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D'alembert's principle

  • #1

Homework Statement


i have a question on D'alemberts principle in which it asks me to find the velocity of a hammer immediately before impact with a pile

the information i have been given is as follows:
mass of hammer;300kg
height of hammer;3.5m
gravity to be taken as;9.81
mass of pile ;500kg

I have solved the question using the conservation of energy technique in which
KE = GPE
0.5mv^2 = mgh
0.5x300xv^2 = 300x9.81x3.5
v=square root of 9.81x3.5/0.5
v=8.287m/s

Homework Equations


KE=1/2mv^2
GPE=mgh
F=Ma=-Fi

The Attempt at a Solution


all attempts at a solution have proved to be futile as i cannot wrap my head around it, i have read about inertia forces and that an applied force must overcome this inertia force in order to accelerate however im stumped when it comes to this question Any help would be massively appreciated
 

Answers and Replies

  • #2
PhanthomJay
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I think there may be a second part to this problem that might be asking to use the inertia force during the impact period. But in terms of just find hammer speed before impact, either use conservation of energy or the kinematic free fall equations.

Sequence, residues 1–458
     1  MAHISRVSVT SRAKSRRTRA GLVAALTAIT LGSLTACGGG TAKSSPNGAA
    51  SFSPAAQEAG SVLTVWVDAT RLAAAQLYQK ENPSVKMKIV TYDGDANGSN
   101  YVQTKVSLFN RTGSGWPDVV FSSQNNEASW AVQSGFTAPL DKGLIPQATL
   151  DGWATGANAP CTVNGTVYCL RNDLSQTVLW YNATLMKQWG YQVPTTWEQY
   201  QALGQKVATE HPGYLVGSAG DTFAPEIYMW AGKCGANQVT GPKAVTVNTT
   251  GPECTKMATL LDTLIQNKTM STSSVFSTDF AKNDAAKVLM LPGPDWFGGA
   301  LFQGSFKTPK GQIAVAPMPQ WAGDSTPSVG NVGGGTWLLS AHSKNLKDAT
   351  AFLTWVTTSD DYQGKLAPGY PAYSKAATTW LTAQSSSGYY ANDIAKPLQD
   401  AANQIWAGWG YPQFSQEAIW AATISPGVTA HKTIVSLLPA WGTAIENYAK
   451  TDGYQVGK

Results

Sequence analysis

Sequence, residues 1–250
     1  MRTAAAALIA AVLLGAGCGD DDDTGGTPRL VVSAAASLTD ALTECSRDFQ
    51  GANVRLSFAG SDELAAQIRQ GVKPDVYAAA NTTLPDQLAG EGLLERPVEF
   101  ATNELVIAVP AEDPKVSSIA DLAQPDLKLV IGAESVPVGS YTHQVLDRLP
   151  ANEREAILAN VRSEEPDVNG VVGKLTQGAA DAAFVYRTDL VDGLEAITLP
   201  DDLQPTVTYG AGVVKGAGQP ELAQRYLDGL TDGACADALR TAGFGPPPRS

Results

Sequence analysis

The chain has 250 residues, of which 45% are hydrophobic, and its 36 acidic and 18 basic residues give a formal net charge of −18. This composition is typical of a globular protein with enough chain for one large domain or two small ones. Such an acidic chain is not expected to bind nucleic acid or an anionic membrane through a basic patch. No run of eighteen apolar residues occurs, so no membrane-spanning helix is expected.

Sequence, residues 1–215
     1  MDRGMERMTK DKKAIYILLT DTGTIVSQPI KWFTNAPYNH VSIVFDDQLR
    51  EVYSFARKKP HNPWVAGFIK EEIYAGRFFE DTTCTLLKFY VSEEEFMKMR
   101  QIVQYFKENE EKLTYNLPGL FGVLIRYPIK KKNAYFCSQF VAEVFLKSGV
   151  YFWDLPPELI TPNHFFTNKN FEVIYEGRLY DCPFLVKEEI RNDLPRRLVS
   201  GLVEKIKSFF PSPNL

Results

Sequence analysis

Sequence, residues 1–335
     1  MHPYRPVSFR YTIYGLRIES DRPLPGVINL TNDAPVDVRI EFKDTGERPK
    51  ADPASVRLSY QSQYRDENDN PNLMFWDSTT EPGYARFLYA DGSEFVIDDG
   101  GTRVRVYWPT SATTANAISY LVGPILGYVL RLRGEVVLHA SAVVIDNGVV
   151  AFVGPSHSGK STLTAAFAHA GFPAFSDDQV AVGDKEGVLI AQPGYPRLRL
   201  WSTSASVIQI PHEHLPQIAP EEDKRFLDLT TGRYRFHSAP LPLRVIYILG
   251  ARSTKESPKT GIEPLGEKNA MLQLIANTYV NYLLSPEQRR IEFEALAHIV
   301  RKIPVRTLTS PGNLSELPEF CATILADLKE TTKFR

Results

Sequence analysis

• #3
rude man
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Homework Statement


i have a question on D'alemberts principle in which it asks me to find the velocity of a hammer immediately before impact with a pile

the information i have been given is as follows:
mass of hammer;300kg
height of hammer;3.5m
gravity to be taken as;9.81
mass of pile ;500kg

I have solved the question using the conservation of energy technique in which
KE = GPE
0.5mv^2 = mgh
0.5x300xv^2 = 300x9.81x3.5
v=square root of 9.81x3.5/0.5
v=8.287m/s
Well, this would be a trivial application of d'Alembert's principle, but it would go as follows:
F = ma can be rewritten as F - ma = 0.
So we consider the term -ma as a force F2 = -ma; then F + F2 = 0 and we now think of the problem as a static one (the hammer does not move since ΣF = 0.) This is entirely acceptable, weird though it may sound, since the equation remains unchanged.

So we have mg - ma = 0 or a = g. Then of course knowing a you can compute v from the appropriate kinematic free fall equations as post #2 says.
 

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